The best sandwich in NYC is the prime rib sandwich at the Rosticceria inside of Eataly. This is a sandwich I come into the city for on my days off. It’s only available until about 5 PM, so plan accordingly.

The best subway line is the N. While I take the E every day because of its copious cell signal coverage (and that its the best choice for my commute), it’s hard to beat the path the N cuts diagonally across the island.

The best sushi in NYC is at 15 East. Be forewarned, it’s expensive – sitting at the counter for lunch is the best way to try it.

The best video game store is Video Games New York. The shelves are legendary, and sometimes pricey, but their selection is unmatched.

NYC 10: The 10 Worst Types Of People In NYC

This month marks 10 years since we moved to New York City. I’m writing on a variety of topics to reflect on a decade in one of the best cities in the world. Read all the posts.

Tourists. Not all tourists; just those who fail to understand that the city may not operate in the same way their hometown does, and then opt to get huffy about it. (These are the ones always complaining about how rude NYC residents are.)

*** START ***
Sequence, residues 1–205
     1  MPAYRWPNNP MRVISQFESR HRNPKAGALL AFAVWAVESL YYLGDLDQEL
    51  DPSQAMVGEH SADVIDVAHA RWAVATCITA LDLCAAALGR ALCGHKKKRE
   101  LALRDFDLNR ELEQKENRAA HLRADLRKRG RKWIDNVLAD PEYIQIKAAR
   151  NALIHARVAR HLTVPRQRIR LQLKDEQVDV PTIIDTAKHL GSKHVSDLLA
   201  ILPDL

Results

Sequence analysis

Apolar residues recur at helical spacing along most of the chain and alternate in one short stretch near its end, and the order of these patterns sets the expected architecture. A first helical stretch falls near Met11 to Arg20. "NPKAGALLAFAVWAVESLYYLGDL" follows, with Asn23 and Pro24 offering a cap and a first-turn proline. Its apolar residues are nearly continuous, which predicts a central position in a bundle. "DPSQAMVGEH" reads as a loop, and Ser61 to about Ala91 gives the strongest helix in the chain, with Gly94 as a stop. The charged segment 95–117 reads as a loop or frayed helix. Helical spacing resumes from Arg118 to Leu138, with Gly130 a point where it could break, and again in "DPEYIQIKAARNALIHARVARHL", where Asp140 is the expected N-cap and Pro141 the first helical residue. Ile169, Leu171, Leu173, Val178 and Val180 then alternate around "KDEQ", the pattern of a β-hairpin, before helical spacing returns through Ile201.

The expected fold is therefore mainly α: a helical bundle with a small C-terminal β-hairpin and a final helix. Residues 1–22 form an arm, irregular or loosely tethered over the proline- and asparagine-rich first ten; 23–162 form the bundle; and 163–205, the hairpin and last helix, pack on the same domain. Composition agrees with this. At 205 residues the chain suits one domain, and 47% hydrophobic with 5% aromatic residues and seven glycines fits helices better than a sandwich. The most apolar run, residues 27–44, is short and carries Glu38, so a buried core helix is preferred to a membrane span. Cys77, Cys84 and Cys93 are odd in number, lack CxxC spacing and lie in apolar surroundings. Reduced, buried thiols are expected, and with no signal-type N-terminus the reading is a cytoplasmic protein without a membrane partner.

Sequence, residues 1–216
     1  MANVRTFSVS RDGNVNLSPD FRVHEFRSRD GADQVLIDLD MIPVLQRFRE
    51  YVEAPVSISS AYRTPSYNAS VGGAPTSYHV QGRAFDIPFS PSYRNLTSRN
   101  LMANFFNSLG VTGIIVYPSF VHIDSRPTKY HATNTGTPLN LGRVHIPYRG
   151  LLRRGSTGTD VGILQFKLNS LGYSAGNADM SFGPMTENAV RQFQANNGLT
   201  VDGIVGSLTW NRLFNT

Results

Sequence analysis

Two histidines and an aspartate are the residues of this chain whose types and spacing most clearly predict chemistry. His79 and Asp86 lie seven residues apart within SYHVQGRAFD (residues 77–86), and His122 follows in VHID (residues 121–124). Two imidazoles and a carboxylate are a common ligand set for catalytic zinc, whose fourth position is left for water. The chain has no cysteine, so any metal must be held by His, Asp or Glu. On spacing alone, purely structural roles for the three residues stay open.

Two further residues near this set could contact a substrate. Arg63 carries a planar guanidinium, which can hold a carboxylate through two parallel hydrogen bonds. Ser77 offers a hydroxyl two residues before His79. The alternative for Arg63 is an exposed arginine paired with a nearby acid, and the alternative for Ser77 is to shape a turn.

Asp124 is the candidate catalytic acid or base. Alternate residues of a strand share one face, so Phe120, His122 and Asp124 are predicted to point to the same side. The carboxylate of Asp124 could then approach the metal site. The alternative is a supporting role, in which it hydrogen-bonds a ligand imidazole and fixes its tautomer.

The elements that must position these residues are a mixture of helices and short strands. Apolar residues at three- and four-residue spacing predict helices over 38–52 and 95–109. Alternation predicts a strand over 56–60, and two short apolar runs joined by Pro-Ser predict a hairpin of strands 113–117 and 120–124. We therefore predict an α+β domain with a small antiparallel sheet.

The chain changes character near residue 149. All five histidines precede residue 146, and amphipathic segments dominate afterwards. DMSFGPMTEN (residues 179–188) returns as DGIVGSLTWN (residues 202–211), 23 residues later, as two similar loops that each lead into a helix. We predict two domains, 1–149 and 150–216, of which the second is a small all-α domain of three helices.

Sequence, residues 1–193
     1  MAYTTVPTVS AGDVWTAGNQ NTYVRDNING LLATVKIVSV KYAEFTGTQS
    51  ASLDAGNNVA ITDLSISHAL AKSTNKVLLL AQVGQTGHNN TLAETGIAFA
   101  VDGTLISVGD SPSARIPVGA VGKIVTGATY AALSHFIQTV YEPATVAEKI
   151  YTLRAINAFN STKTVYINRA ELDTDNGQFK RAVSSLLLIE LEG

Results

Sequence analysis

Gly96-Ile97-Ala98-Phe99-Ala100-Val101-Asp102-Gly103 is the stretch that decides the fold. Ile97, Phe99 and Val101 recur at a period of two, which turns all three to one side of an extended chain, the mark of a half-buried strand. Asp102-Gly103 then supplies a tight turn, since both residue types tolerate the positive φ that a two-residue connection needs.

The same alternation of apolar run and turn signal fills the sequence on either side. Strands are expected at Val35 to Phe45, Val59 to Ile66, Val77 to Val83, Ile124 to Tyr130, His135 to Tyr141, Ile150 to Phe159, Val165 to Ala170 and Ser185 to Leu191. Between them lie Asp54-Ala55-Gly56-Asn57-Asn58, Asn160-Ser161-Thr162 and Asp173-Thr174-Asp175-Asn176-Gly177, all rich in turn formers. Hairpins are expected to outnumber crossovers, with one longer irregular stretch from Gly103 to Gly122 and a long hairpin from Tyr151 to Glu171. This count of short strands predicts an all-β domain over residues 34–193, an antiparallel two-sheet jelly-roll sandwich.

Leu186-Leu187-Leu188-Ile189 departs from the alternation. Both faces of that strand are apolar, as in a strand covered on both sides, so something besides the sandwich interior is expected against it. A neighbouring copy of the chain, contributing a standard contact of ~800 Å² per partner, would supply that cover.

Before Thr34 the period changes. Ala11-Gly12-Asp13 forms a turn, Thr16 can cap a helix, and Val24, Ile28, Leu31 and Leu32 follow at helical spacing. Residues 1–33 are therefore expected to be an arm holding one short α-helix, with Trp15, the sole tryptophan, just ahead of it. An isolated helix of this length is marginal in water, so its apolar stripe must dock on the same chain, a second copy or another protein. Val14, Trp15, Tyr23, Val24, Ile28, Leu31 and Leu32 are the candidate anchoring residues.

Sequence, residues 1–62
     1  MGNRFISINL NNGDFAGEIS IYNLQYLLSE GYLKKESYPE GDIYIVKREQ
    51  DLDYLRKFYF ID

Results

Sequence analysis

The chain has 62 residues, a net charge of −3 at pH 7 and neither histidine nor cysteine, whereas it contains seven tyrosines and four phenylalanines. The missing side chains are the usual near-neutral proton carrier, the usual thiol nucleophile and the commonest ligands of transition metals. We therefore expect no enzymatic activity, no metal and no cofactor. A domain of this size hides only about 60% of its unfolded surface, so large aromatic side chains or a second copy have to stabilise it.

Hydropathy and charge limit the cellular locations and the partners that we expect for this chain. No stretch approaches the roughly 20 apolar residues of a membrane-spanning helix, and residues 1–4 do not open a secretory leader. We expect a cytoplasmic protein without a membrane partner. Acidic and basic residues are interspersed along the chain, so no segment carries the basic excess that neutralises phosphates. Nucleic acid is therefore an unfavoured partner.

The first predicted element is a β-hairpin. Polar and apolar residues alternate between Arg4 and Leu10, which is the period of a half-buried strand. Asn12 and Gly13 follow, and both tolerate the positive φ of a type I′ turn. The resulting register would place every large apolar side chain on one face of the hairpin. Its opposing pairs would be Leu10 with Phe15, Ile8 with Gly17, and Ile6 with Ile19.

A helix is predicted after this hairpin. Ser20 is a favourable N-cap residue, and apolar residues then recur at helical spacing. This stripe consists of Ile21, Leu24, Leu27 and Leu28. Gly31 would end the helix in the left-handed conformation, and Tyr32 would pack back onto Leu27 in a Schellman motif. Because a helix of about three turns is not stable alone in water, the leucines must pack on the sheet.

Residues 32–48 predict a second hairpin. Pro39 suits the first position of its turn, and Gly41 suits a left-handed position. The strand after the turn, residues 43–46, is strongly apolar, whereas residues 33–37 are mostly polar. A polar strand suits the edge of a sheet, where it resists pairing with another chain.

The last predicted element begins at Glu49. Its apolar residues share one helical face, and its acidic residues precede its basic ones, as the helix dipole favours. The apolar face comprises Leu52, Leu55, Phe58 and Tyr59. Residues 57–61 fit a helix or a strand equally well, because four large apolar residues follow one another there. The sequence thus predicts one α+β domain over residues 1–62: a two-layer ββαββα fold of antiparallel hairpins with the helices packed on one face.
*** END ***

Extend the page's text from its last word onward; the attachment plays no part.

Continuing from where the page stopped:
People who don’t move in to the center of a subway car when there’s a mass of people on the platform.

Those who walk by a giant line for something, ask what the line is for, and then respond with “Oh.” Were you going to get in this massive line if it was some really compelling thing? No, you weren’t. Keep walking.

People on subways platforms who shout at people in the train to move into the center of the car when there’s no room.

Grifters. I have run into two in my life. One I dodged, one I did not.

People who cut their fingernails on the subway.

Food cart vendors who seem to be unable to do anything other than burn the hell out of chestnuts, leaving whatever street they’re on smelling of burning death.

Those who stand to the left on any escalator.

Stand-up comedians in Times Square who, in a desperate attempt to hand out free tickets so they get stage time, ask everyone they see “Hey, do you guys like comedy?”